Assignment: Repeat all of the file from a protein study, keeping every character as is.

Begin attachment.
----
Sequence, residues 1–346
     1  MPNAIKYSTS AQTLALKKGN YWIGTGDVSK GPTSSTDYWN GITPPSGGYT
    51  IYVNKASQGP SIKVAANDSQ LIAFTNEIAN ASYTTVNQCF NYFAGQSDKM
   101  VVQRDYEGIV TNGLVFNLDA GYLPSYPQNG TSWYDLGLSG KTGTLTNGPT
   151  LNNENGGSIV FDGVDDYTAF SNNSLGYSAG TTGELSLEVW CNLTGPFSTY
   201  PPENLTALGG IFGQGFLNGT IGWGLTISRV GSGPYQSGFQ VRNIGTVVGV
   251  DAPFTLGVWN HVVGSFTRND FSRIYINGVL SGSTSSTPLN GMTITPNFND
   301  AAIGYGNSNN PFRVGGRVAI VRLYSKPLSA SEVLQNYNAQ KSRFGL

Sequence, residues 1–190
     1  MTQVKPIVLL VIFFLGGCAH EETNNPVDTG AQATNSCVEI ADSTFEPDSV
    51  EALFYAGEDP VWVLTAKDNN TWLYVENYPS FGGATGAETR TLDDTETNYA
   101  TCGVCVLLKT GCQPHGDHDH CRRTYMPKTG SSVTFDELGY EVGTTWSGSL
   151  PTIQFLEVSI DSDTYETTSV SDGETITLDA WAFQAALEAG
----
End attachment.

Sequence, residues 1–346
     1  MPNAIKYSTS AQTLALKKGN YWIGTGDVSK GPTSSTDYWN GITPPSGGYT
    51  IYVNKASQGP SIKVAANDSQ LIAFTNEIAN ASYTTVNQCF NYFAGQSDKM
   101  VVQRDYEGIV TNGLVFNLDA GYLPSYPQNG TSWYDLGLSG KTGTLTNGPT
   151  LNNENGGSIV FDGVDDYTAF SNNSLGYSAG TTGELSLEVW CNLTGPFSTY
   201  PPENLTALGG IFGQGFLNGT IGWGLTISRV GSGPYQSGFQ VRNIGTVVGV
   251  DAPFTLGVWN HVVGSFTRND FSRIYINGVL SGSTSSTPLN GMTITPNFND
   301  AAIGYGNSNN PFRVGGRVAI VRLYSKPLSA SEVLQNYNAQ KSRFGL

Sequence, residues 1–190
     1  MTQVKPIVLL VIFFLGGCAH EETNNPVDTG AQATNSCVEI ADSTFEPDSV
    51  EALFYAGEDP VWVLTAKDNN TWLYVENYPS FGGATGAETR TLDDTETNYA
   101  TCGVCVLLKT GCQPHGDHDH CRRTYMPKTG SSVTFDELGY EVGTTWSGSL
   151  PTIQFLEVSI DSDTYETTSV SDGETITLDA WAFQAALEAG